5 Tips About Trackables
Last post, I gave a basic run down on what a trackable is. I covered travel bugs, trackable geocoins, and “dog tags”. This post, I wanted to go into what you actually are supposed to DO with a trackable item.
My father, ESP Boss, has a routine that he goes through every time he starts something new: buy a book and learn all about it! Taking up geocaching was no different. We’d heard about geocaching in a very simple sense but really didn’t know much about it. Before we headed out that first day in June 2008, ESP Boss had learned (and shared with me and The Queen Mother) all about log books and trackables.
Of course, it would be another 4 months before we actually FOUND our first trackable!
What I didn’t realize at the time was that, like geocaching, trackable items have their own “rules” and etiquette.
Geocaching.com explains it as: “Most owners would rather see their travel bugs do a lot of travelling, so try not to hold on to a travel bug for too long. If you plan on holding onto the bug for more than 2 weeks, make sure to send a courtesy email to the owner letting them know.”
But, I think there are a few other things that should also be considered “best practices” when it comes to travel bugs:
1. Log that you’ve picked up the trackable right away.
There’s nothing worse than visiting a cache thinking there’s a travel bug there only to not find it. Often times, people will mention that in the log: “TFTC. Didn’t see the TB.”
If you’re going to be responsible for a travel bug, be sure to log on geocaching.com right away that you have it. That keeps other cachers from being frustrated that it isn’t there AND lets the owner know that the travel bug hasn’t been lost, stolen or muggled!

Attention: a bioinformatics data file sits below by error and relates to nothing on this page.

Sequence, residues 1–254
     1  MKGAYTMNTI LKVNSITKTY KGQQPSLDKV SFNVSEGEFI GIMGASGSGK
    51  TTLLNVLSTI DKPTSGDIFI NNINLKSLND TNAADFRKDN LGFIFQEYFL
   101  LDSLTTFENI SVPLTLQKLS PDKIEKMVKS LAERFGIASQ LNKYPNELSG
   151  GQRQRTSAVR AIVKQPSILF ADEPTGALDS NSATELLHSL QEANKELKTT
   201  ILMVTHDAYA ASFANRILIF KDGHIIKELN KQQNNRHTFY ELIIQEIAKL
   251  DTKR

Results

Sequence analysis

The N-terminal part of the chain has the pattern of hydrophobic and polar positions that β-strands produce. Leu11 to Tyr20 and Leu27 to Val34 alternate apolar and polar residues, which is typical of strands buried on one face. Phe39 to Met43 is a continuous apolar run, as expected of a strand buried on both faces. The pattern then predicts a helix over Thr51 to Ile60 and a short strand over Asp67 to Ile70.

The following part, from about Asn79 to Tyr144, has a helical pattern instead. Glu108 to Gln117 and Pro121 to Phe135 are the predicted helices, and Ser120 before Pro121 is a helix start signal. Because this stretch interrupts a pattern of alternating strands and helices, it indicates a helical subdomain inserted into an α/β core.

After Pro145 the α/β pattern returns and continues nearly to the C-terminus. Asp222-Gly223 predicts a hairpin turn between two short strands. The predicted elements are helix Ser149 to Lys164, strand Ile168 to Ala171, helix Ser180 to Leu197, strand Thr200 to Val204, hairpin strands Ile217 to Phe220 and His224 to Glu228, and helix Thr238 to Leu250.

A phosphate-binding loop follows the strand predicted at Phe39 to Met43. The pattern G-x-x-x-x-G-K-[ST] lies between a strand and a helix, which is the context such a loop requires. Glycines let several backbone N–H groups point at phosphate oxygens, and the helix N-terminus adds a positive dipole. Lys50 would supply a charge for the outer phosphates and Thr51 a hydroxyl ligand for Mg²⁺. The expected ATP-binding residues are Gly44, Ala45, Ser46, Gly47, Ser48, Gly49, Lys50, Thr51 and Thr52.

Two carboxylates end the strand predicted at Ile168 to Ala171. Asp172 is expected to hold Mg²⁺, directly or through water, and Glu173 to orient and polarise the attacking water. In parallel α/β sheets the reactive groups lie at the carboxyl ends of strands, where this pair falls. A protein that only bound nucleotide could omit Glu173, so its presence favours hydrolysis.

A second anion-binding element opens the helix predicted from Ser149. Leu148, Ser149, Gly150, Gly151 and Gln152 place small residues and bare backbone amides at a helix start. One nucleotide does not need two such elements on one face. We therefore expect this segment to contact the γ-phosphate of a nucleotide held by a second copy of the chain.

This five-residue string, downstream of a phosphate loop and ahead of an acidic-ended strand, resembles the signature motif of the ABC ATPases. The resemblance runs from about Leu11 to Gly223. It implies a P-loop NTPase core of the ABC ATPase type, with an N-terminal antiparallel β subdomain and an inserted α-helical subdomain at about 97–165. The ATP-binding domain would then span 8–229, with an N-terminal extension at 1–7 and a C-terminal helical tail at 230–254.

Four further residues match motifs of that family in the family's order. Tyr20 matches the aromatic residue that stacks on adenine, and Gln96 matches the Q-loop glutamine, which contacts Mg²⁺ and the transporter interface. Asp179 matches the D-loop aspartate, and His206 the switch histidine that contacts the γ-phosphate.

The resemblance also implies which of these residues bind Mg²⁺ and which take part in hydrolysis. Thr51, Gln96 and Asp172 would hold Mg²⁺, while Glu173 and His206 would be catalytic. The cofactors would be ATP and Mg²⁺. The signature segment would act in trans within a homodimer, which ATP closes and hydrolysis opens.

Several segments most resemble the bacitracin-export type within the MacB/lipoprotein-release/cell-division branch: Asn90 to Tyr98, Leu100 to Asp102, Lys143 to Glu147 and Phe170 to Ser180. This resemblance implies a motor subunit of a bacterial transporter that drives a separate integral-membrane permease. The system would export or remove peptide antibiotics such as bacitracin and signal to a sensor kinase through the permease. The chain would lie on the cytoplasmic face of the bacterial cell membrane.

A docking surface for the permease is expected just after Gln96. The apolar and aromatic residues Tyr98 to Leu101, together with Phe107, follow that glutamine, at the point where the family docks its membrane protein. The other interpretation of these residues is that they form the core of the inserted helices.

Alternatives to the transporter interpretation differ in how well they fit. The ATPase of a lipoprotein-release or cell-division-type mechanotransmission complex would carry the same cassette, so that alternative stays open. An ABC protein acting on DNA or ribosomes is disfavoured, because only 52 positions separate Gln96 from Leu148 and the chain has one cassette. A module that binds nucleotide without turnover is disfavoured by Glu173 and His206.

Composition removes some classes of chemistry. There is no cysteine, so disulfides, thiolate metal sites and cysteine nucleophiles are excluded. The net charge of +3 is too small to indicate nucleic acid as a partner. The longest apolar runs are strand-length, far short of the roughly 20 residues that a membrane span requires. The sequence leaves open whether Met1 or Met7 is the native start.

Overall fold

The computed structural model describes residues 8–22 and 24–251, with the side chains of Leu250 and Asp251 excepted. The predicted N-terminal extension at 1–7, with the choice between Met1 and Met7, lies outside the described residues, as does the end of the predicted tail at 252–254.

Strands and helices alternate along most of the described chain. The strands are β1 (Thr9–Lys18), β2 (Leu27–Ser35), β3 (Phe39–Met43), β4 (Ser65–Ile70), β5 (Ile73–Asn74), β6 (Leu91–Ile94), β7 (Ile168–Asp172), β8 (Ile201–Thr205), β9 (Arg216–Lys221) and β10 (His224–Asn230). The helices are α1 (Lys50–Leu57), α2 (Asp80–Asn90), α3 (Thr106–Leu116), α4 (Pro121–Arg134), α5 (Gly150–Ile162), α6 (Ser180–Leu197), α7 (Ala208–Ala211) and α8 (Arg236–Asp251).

2. Try to place the trackable as soon as possible.
The whole point of traveling items is to TRAVEL!
3 Must-Know Pages on Geocaching.com
Geocaching.com Home Page
Don’t you just hate it when you KNOW that Geocaching.com does FILL IN THE BLANK but you can’t remember where you saw the link? That happened to me the first time I was hiding a geocache; I wanted to print out that cool sheet that appears in the caches. You know the one I’m talking about, right? The printout that says “Congratulations, You’ve Found It!” and then goes on to explain what geocaching is.
I knew that printout had to exist. Somewhere. After all, I’d seen it in caches around Northern Arizona. I just didn’t know how to navigate the geocaching.com website in order to find what I was looking for!
This article is actually a reader’s request and addresses just that issue: What ARE the parts of geocaching.com?
Since this website is HUGE and offers a ton of information, I’m giving my top three pages you need to know the anatomy of! If you have a section of geocaching.com that you feel everybody should know about, then let me know!
The Home Page
We all know the homepage of geocaching.com — that’s where you can log into your account!
Well, have you ever scrolled DOWN the page a bit? There’s a ton of really neat links hidden towards the bottom of the page.
So, starting on the top left and heading down the page:
13 years ago • Geocaching.com Tip • Tags: advice, Terms, trackable items